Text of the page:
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Skift Airline Weekly is celebrating its 15th anniversary this month, and we’re taking a look through the archives to see how the airline world has changed, and how the newsletter has helped to keep the industry informed along the way.
Here, founder and analyst Jay Shabat reflects on how the publication started in 2004 when it was called just Airline Weekly, and how it established itself in the airline media landscape.
The first Airline Weekly issue is at the bottom of the post, years before the 2018 purchase of the newsletter by Skift. Current Skift Airline Weekly Editor Madhu Unnikrishnan spoke with Shabat about the newsletter’s trajectory and growing influence over the years. An edited version of that conversation follows.
Madhu Unnikrishnan: What gave you the idea to launch Airline Weekly, and where were you?
Jay Shabat: I first started thinking about doing an airline newsletter while working as an analyst at US Airways in the late 1990s. Our communication team would put together clippings of all the industry-related news each day, which I enjoyed reading. I was also fortunate enough to work around several colleagues who taught me a lot about how the airline business worked.
Unnikrishnan: How did you decide what to cover, and what do you think differentiated Airline Weekly from the other airline-industry publications at the time?
Shabat: There were certain topics I knew we wouldn’t cover, such as cargo, or engineering, or maintenance. I just never learned enough about these areas. Covering earnings was always a major focus. Certainty the basics like who’s flying where with what planes. In general, I think of my job as just reading and learning as much as possible every week, and then organizing the information in a way that’s most informative, taking special care to identify new trends that might be emerging.
Unnikrishnan: When did Seth Kaplan and Jason Cottrell join you, and how did you split up the duties?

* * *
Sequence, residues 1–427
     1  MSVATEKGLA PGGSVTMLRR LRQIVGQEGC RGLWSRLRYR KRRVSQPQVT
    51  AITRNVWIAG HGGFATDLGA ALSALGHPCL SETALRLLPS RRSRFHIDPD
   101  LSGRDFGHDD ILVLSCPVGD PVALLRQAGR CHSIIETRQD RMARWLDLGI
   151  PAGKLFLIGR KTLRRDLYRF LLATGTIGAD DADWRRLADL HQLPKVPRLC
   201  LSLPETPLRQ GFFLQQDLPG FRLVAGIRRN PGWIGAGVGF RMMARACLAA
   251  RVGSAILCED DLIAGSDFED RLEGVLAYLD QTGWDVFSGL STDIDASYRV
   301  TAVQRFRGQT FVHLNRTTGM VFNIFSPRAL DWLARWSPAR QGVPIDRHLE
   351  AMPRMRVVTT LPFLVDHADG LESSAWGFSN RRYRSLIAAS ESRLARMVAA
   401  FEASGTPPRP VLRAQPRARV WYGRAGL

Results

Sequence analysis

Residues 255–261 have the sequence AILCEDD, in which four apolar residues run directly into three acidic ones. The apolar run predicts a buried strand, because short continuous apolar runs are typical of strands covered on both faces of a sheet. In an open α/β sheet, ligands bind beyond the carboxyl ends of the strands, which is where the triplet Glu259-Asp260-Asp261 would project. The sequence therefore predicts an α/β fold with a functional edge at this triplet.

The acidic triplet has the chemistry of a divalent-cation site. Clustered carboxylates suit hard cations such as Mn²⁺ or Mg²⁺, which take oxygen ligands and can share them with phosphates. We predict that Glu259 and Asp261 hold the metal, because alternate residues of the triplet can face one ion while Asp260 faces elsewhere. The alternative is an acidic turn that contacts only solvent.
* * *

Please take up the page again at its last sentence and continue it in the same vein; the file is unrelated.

Shabat: They joined very early on, so essentially from the beginning. There really wasn’t much of an Airline Weekly before that. Seth and Jason were responsible for developing Airline Weekly into a true business. As a small company, we all did a little bit of everything, but I focused mostly on content. Seth and Jason had certain areas of expertise though and made important contributions to the content as well.
Unnikrishnan: Airline Weekly was always a “virtual” office. Do you think you could have launched the publication before you did? How did technology advancements improve the publication?
Shabat: There’s no way it would have been possible without the abundance of information now freely available via the internet. Imagine how long it would take to calculate each airline’s financial results if they weren’t readily available online. Personally, the most important advancement was probably the text-to-audio software I use, which allows me to listen to hours and hours of reports, articles, studies, etc. at an accelerated speed.
Unnikrishnan: When did you realize Airline Weekly had “made it”?
Shabat: The first year or two was really tough. I had graduate school loans and didn’t really have any income. So in conjunction with Airline Weekly’s launch I took a second job teaching airline management and English at an aviation school in China, where they provided housing and food (and health insurance). Eventually, we built up a sizable subscriber base.
Unnikrishnan: Skift acquired Airline Weekly last year. Looking to the next 15 years, how do you think the partnership will make the publication even stronger?
Shabat: On its own, Airline Weekly lacked the resources to go beyond what it was. It’s now able to benefit from the substantial resources and talent that Skift brings. We now have an excellent design team, for example, and Skift professionals contributing in areas like editing, technology, and customer service. I look forward to the things we can do together to make Skift Airline Weekly truly stand out.